Museum Hangs Picassos In Ladies’ Toilets In Response To Court Ruling

Tasmania’s Museum of Old and New Art has relegated part of its Picasso collection to a female toilet cubicle, after a court ruling that it must admit men to a female-only exhibition.

Artist Kirsha Kaechele, the wife of Mona’s billionaire owner, David Walsh, posted a video on social media on Monday showing at least two paintings by the late Spanish artist hanging in a toilet.

Picassos were among the artworks previously hanging in the museum’s Ladies Lounge, a women-only area created by Kaechele which included, as part of the artist’s intent, men’s experiences of exclusion.

But in April, The Tasmanian Civil and Administrative Tribunal (Tascat) found that the Ladies Lounge was discriminatory after a complaint lodged by a man who was denied entry in 2023.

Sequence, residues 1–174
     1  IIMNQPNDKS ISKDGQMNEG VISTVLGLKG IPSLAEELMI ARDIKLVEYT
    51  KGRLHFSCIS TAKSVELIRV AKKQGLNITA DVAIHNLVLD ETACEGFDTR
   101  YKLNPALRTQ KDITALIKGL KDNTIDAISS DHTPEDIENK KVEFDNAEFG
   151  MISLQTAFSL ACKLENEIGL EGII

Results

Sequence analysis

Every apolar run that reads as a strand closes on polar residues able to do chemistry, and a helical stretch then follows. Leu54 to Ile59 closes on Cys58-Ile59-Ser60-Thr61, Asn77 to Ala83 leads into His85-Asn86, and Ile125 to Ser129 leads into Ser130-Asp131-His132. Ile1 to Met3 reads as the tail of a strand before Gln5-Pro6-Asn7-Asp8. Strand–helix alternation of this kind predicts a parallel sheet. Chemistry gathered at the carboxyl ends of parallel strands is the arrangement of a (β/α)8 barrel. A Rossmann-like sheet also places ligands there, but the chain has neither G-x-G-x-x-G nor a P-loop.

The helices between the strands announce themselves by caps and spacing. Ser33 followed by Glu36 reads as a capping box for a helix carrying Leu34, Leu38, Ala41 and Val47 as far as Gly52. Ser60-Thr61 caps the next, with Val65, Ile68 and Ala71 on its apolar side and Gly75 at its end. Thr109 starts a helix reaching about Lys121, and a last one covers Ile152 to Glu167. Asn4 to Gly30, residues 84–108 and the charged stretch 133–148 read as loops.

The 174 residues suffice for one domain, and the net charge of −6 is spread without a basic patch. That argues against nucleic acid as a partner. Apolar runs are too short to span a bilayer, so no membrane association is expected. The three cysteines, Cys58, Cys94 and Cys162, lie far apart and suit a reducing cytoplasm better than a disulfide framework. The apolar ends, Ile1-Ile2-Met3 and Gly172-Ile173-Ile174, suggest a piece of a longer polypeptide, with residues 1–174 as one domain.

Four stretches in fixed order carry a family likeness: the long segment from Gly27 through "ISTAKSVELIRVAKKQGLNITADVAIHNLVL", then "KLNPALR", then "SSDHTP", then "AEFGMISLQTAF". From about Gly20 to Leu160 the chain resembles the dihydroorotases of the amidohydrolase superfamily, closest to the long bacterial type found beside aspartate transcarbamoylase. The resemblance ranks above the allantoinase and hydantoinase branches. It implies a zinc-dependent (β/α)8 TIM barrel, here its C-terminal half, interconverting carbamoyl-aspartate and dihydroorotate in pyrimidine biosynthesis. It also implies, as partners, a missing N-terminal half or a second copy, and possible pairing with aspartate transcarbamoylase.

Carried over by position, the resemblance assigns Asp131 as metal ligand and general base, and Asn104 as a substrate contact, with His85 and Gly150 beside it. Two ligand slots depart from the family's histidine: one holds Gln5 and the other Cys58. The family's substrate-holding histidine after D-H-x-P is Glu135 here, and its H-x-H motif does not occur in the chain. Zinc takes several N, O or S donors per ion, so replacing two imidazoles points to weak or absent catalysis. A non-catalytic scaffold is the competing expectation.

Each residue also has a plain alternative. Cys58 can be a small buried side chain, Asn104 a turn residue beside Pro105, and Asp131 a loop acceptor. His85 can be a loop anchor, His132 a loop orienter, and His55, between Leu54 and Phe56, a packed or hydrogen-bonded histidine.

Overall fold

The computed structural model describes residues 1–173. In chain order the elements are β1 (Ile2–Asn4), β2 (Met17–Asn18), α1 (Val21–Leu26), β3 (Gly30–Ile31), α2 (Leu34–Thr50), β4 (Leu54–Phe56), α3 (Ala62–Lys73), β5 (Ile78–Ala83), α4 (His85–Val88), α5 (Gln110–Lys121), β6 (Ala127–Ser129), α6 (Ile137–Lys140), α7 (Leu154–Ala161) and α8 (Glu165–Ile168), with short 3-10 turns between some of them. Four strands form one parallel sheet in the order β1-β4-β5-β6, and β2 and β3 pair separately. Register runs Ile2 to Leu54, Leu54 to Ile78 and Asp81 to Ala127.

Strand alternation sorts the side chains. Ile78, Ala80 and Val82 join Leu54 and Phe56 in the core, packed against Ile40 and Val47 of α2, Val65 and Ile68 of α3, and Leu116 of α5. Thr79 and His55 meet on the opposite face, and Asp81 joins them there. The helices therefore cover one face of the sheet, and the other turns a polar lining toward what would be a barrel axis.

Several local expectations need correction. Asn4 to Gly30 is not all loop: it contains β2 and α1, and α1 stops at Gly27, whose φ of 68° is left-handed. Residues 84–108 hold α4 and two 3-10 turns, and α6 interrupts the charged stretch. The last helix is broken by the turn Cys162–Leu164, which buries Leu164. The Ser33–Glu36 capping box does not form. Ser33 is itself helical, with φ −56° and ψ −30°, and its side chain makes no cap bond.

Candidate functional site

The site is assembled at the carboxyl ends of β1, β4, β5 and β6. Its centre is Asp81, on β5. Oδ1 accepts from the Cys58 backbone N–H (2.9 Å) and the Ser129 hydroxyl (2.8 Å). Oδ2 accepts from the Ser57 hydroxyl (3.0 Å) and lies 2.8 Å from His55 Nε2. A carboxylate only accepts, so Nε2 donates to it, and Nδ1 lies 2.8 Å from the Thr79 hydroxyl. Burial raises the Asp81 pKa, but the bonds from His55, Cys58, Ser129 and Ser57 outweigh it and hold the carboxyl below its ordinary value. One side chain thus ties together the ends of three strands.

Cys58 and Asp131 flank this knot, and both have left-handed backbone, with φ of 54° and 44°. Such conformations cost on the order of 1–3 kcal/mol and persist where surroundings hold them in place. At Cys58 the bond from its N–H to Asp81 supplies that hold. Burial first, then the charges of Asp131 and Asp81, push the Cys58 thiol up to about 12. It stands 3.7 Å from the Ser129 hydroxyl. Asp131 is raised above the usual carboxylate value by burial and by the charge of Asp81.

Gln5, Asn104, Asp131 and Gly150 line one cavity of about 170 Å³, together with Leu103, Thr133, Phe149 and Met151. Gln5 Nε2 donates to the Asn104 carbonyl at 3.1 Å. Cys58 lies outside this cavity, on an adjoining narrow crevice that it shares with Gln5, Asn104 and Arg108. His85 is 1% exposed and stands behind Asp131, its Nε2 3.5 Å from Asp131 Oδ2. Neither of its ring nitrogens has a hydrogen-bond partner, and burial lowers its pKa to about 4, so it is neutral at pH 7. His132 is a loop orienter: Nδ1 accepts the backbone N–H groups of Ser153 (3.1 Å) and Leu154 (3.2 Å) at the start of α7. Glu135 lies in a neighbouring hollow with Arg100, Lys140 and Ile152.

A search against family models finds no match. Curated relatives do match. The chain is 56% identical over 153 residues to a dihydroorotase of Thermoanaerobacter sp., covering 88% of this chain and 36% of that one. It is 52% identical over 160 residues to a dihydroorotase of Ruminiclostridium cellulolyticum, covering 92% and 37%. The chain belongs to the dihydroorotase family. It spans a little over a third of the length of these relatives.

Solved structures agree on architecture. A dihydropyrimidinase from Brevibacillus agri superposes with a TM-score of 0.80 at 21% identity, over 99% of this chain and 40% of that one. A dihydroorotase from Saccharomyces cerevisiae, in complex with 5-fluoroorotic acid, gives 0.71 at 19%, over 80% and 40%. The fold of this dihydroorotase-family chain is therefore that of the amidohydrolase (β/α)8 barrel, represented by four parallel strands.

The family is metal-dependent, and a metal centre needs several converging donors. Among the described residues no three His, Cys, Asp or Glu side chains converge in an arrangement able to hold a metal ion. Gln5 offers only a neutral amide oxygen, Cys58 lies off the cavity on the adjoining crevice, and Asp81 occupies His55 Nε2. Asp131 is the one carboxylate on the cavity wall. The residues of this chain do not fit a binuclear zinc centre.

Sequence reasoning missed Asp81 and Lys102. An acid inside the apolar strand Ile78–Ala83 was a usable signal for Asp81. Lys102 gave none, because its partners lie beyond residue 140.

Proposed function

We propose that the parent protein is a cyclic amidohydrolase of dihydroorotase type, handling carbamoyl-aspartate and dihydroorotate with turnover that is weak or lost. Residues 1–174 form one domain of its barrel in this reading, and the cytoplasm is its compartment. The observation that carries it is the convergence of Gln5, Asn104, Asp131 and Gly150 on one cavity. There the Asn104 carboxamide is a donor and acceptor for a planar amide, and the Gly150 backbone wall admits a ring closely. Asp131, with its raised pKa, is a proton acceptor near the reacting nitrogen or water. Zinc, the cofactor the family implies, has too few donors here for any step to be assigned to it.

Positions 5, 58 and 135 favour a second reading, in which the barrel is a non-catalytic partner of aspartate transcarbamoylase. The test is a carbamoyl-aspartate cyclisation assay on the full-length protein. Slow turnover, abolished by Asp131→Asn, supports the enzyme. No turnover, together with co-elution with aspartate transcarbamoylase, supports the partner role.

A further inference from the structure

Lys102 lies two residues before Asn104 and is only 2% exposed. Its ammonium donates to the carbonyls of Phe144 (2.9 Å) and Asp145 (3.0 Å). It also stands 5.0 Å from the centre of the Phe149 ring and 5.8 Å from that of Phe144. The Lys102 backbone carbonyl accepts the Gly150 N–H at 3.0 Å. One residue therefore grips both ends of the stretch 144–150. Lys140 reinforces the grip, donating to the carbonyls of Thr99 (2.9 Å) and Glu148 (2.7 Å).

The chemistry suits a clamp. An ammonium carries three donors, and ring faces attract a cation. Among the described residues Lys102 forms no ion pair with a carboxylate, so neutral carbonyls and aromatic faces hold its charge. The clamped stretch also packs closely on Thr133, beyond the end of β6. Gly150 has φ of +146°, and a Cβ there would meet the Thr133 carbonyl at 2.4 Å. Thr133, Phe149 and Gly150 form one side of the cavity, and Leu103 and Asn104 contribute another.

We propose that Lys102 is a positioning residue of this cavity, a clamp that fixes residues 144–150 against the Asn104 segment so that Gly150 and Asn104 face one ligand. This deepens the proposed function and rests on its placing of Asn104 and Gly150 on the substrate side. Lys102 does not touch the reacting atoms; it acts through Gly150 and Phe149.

The museum was given 28 days to cease refusing entry to the Ladies Lounge based on gender. The exhibition has been closed ever since.

“A new exhibition at Mona. Just for ladies…” Kaechele posted with the video on Monday, pointing out that prior to the tribunal’s ruling, all toilets at Mona were unisex.

“But then the Ladies Lounge had to close thanks to a lawsuit brought on by a man,” the artist posted.

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“And I just didn’t know what to do with all those Picassos.”

Kaechele went on to suggest the museum would seek to reclassify the Ladies Lounge “as a church / school / boutique glamping accommodation” under section 26 of Tasmania’s Anti Discrimination Act, which permits under what circumstances people can be denied access based on gender.

The Ladies Lounge, which opened in 2020, saw women who entered the space pampered by male butlers and served champagne while surrounded by some of the museum’s finest pieces of art.

Kaechele said in March she was “absolutely delighted” the case had made it to the tribunal, after a complaint by Sydney man Jason Lau.

“The men are experiencing Ladies Lounge, their experience of rejection is the artwork,” she said at the time.

On 7 May, Kaechele announced the museum would be appealing the decision in the supreme court.

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